Pickaxe Book Chapter 02

Here are some notes on Chapter 2 of the Pickaxe book.

 

Single quoted strings take less processing, no interpolation
Return value of a method is the last statement, so you may not always want/need to put a “return” statement in there.
Local variables, method parameters and method names all start with lower case or underscore.
Global variables start with a dollar sign.
Instance variables start with an at symbol.
Class variables start with two at symbols.
Class names, module names and constants start with uppercase letter.
Character after @ may not be a digit
Multi-word instance variables get underscores between words, multiword class names get camel case.
Method names may end with ?, ! and =, although these have special meaning.

Arrays: like lists or arrays in Java, unlike primitive arrays you do not need to specify the size ahead of time.
Hashes: Like maps in Java.
The values do not need to be of the same type.
Shortcut for arrays:
a = [‘ant’, ‘bee’, ‘cat’, ‘dog’, ‘elk’]
same as
a = %w{ant bee cat dog elk}

Symbols: A lot of people in class had trouble with this concept. I am not too clear on it myself. They can be used as keys for hashes.
There is also a new Ruby 1.9 syntax for hashes.
Here is the old way:

inst_section = {
  :cello     = 'string',
  :clarinet  = 'woodwind',
  :violin    = 'string'
}

Now you can do this as well:

inst_section = {
  cello:    'string',
  clarinet: 'woodwind',
  violin:   'string'
}

This has caused some controversy on some Ruby mailing lists.
There are no braces for control structures. Instead Ruby uses the keyword “end”.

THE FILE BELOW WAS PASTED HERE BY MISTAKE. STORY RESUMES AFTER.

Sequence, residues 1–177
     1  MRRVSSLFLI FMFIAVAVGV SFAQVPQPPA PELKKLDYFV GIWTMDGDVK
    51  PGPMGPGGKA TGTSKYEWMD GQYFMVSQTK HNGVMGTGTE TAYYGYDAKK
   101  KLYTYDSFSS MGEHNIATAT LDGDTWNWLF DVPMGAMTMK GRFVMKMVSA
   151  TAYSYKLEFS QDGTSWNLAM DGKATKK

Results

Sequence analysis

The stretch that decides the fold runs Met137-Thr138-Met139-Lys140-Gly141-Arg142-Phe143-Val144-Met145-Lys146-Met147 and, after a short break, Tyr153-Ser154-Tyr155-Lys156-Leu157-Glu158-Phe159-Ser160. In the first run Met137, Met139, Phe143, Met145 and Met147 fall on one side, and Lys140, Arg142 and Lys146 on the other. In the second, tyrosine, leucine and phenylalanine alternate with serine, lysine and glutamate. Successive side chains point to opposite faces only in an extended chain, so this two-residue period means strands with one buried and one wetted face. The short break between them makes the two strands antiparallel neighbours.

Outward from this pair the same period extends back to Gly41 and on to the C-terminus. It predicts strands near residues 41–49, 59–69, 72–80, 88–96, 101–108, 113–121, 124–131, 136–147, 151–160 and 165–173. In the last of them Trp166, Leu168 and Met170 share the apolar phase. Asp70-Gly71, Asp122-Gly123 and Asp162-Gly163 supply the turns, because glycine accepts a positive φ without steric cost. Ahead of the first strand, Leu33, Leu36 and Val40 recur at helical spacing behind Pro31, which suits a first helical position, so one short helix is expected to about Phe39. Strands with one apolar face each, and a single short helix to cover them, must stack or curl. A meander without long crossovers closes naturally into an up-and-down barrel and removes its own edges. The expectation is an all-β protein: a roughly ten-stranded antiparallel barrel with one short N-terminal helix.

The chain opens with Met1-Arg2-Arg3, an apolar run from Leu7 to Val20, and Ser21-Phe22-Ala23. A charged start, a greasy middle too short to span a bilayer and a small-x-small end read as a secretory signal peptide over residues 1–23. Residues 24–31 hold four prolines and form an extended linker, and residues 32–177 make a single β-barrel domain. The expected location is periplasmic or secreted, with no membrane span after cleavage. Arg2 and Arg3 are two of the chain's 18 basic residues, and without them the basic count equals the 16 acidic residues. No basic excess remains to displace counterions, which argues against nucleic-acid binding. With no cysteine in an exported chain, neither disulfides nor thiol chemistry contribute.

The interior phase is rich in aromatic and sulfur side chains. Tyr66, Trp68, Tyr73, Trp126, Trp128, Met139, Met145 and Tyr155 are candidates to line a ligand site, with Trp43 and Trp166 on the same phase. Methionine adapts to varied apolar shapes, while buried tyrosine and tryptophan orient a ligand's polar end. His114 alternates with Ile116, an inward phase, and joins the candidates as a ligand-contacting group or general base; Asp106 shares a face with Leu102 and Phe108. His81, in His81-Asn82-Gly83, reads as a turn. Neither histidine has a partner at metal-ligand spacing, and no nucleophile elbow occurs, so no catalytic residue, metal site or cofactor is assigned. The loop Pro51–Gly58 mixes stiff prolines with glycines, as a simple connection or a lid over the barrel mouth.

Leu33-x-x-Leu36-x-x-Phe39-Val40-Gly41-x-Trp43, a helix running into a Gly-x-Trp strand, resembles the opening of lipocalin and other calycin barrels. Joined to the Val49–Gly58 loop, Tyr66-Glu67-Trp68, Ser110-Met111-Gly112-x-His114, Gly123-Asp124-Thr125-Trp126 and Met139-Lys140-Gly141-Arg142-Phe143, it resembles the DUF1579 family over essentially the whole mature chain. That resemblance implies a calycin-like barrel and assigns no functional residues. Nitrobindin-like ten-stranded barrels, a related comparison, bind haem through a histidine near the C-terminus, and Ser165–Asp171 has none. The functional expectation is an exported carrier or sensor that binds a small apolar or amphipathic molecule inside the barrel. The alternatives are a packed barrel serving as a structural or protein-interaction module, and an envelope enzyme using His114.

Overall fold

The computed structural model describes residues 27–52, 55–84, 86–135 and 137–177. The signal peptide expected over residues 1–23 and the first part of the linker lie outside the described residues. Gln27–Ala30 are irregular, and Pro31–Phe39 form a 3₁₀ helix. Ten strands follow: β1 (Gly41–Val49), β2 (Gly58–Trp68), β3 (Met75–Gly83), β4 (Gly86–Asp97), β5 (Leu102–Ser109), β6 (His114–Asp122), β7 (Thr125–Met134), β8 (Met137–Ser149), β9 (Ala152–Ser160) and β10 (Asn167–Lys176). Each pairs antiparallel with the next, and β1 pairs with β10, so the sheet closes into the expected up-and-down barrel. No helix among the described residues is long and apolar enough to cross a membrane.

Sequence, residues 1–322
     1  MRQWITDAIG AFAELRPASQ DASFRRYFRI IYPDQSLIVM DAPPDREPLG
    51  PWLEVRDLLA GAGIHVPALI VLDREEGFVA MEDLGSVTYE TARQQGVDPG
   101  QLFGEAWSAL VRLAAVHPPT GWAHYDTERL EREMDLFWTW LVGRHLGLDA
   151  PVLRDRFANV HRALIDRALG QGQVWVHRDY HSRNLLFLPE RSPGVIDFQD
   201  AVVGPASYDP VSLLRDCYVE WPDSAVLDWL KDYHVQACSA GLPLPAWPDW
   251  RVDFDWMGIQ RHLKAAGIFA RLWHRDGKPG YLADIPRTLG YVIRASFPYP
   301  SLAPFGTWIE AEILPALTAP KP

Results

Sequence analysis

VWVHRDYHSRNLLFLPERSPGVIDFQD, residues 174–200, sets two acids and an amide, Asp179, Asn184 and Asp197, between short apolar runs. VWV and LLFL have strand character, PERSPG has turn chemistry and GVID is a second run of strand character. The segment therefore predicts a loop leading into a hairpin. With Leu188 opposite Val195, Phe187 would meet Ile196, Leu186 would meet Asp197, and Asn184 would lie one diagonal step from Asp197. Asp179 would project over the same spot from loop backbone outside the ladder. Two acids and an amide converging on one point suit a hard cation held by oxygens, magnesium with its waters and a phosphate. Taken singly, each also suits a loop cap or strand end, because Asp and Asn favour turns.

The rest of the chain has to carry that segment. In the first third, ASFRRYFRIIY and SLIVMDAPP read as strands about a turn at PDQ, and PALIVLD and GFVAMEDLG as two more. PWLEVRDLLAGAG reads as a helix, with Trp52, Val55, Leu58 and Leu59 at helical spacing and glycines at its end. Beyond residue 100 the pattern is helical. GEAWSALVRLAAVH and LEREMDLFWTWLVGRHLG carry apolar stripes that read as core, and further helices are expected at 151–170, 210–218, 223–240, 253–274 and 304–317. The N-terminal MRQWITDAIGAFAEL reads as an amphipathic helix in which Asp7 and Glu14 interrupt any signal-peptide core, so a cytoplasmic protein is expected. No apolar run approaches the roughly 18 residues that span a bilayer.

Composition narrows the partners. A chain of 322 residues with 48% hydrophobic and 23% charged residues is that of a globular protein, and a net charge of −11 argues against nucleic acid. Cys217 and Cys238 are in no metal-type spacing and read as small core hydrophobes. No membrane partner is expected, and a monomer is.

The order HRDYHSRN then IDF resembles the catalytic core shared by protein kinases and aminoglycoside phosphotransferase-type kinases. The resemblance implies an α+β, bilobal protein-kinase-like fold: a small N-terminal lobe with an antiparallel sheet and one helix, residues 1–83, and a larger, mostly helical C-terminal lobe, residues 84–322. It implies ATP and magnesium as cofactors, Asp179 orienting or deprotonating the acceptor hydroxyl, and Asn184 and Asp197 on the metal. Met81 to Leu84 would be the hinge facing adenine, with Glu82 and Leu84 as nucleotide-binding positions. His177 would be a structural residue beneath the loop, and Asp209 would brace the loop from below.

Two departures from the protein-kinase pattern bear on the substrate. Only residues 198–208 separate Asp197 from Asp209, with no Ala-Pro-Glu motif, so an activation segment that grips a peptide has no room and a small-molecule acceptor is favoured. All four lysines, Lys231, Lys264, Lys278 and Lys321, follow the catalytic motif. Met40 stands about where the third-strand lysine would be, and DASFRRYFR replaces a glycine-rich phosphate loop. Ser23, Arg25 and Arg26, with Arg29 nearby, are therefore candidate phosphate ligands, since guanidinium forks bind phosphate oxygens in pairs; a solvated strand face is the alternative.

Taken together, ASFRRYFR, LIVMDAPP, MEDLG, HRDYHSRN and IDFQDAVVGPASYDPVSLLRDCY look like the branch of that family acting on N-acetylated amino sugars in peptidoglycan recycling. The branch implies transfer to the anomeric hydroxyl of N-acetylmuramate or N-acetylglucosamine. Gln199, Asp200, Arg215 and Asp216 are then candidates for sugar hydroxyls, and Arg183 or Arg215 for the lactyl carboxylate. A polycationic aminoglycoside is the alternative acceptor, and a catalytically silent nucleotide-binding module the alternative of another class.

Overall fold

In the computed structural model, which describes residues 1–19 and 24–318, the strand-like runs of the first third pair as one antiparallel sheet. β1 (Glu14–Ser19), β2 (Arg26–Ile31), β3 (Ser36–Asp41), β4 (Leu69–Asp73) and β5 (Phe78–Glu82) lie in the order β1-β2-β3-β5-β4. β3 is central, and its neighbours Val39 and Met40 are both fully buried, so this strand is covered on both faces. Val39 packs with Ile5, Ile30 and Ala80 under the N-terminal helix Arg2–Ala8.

Next the book covers regular expressions. I am not going to get into details here. I have seen this before, although I know there is a lot to see.
Blocks are a bit weird to me. I will have to look them up somewhere. It seems to me like it is just another arg to a method. Is it special because it is code?
I altered some of the code from the book to make a method take a parameter as well as a block:

def call_block(arg)
  puts "Start of method"
  puts "arg is #{arg}"
  yield
  yield
  puts "End of method"
end

call_block('hello'){ puts "In the block" }
puts "About to call call_block with no block"
call_block('empty block'){}

The book says that blocks are used to implement iterators. I can never remember how to iterate through stuff. I will have to make a separate post about that.

cities = ['Chicago', 'Austin', 'Dallas' , 'Houston']
cities.each {|city| puts "The city is #{city}"}

3.upto()6 {|i| print i}
('a'..'e').each {|char| puts char}

The I/O section talks about printf. I thought the whole point of Ruby was not to deal with C?
puts prints to the terminal, gets gets from the terminal.
The command like arguments are in an array called ARGV.

Image from Wikimedia, assumed allowed under Fair Use. Image from the Vatican Virgil, a 5th century manuscript of poems by Virgil.

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